Botticelli, Sandro (14471515)

Botticelli, Sandro, or Alessandro, a celebrated painter of the Florentine school; began as a goldsmith's apprentice; a pupil of Fra Lippo Lippi; the best-known examples of his art are on religious subjects, though he was no less fascinated with classical—mythological conceptions; is distinguished for his attention to details and for delicacy, particularly in the drawing of flowers; and it is a rose on the petticoat of one of his figures, the figure of Spring, which Ruskin has reproduced on the title-page of his recent books, remarking that “no one has ever yet drawn, or is likely to draw, roses as he has done;... he understood,” he adds, “the thoughts of heathens and Christians equally, and could in a measure paint both Aphrodité and the Madonna” (14471515).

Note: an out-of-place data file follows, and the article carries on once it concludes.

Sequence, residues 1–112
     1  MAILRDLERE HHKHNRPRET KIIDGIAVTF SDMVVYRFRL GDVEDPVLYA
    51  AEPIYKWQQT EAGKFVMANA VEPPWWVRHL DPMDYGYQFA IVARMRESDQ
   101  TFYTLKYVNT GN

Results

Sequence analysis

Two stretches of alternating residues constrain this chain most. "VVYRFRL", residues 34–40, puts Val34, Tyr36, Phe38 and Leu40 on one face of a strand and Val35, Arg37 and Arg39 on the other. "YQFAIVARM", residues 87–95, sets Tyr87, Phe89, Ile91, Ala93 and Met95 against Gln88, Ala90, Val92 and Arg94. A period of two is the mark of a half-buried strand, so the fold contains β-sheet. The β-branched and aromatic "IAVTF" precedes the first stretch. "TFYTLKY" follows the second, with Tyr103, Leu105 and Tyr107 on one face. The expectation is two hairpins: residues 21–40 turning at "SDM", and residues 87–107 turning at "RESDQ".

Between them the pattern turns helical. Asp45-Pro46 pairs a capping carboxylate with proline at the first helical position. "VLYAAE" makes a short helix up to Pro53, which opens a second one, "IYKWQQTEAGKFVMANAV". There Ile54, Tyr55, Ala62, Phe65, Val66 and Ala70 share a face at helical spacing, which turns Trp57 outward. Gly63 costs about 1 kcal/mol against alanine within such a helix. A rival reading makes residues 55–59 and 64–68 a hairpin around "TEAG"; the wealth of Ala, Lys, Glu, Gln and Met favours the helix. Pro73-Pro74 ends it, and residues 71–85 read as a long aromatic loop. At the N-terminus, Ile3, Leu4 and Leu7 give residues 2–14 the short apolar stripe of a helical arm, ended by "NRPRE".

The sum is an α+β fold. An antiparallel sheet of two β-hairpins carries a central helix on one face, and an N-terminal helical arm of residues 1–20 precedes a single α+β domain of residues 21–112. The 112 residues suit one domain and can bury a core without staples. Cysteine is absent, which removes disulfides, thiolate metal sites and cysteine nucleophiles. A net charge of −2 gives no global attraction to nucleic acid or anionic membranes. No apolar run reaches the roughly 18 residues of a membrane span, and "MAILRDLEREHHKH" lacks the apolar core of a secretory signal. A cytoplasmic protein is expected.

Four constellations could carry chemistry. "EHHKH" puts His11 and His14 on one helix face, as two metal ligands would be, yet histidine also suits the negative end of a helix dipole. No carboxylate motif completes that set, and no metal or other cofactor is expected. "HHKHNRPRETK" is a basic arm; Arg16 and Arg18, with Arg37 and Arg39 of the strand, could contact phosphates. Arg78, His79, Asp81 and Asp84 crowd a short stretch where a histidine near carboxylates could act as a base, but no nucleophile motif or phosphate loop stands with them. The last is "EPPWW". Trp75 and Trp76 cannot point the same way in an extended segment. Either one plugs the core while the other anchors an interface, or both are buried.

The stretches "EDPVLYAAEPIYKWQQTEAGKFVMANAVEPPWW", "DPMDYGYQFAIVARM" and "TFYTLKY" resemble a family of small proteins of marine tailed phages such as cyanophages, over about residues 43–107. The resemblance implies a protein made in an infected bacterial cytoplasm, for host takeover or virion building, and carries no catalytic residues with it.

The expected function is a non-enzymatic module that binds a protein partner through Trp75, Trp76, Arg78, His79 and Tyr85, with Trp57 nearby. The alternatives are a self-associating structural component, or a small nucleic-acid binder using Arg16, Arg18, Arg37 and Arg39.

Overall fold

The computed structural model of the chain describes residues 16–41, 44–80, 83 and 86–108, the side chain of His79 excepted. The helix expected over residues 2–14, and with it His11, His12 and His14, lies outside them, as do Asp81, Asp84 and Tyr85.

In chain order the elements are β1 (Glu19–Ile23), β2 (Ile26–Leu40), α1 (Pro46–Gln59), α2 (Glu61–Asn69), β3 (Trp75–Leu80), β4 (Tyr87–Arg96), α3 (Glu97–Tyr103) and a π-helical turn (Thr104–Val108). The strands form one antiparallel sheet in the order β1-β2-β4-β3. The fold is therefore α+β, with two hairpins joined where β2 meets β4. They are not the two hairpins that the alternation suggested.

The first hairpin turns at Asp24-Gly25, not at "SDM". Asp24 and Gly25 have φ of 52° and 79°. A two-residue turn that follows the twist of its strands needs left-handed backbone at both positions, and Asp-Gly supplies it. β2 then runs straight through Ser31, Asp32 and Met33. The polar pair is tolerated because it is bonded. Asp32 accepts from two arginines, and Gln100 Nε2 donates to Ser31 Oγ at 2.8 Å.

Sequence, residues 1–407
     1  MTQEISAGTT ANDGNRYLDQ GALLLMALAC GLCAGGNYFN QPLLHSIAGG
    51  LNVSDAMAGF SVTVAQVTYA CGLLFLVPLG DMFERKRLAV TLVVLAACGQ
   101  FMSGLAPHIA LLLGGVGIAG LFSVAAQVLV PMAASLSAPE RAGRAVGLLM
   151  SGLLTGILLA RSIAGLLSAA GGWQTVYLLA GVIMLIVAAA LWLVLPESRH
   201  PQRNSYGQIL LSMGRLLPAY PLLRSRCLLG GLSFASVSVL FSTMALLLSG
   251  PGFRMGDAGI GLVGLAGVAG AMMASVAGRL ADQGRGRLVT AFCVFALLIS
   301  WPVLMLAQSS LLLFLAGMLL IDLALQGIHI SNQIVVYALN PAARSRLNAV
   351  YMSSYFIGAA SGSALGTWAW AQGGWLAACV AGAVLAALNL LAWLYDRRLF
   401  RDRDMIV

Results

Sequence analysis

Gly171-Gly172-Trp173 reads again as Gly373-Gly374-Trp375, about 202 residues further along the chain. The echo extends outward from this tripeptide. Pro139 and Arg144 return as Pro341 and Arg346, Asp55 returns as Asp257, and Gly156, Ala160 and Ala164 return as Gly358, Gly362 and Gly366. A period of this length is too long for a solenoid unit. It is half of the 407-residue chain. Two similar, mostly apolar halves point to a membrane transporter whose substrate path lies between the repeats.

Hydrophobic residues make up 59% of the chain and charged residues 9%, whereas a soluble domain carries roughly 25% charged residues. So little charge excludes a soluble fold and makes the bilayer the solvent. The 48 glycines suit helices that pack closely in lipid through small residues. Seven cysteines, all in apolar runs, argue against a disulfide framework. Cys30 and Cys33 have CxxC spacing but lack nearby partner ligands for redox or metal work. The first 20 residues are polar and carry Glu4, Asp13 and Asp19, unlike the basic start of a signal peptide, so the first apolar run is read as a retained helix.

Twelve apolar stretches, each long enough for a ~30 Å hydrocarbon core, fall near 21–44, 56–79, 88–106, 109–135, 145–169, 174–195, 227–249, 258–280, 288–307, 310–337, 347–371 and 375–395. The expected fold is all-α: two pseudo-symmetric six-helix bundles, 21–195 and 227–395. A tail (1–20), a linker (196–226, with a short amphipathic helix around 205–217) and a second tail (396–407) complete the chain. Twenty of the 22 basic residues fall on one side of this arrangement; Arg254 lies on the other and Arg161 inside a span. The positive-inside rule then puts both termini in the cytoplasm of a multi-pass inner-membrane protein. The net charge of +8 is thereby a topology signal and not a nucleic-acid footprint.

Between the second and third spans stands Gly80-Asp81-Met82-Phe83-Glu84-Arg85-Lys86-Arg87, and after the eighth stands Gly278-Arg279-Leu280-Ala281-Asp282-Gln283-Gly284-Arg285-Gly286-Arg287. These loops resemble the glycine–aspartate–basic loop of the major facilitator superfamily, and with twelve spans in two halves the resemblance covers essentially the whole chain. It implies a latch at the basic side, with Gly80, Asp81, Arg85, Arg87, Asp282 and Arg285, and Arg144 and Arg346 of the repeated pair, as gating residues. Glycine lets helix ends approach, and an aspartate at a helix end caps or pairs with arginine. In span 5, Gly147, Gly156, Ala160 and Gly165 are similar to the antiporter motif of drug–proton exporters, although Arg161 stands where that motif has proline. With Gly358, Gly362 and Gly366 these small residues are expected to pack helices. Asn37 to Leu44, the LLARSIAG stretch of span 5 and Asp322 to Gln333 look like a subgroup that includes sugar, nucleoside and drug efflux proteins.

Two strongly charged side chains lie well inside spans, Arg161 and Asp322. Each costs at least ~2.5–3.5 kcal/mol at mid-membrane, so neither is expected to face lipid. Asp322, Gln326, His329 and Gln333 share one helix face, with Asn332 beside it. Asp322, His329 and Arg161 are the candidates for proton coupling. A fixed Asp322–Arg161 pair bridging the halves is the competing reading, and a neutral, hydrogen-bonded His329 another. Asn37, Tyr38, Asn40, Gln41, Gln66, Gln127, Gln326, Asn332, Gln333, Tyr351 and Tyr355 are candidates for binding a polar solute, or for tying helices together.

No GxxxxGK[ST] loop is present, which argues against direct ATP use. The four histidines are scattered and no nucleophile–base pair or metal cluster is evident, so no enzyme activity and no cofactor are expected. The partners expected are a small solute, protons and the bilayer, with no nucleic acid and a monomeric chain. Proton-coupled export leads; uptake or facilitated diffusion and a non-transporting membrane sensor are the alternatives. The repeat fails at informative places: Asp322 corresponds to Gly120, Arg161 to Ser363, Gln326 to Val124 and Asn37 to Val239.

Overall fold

Definition taken from The Nuttall Encyclopædia, edited by the Reverend James Wood (1907)

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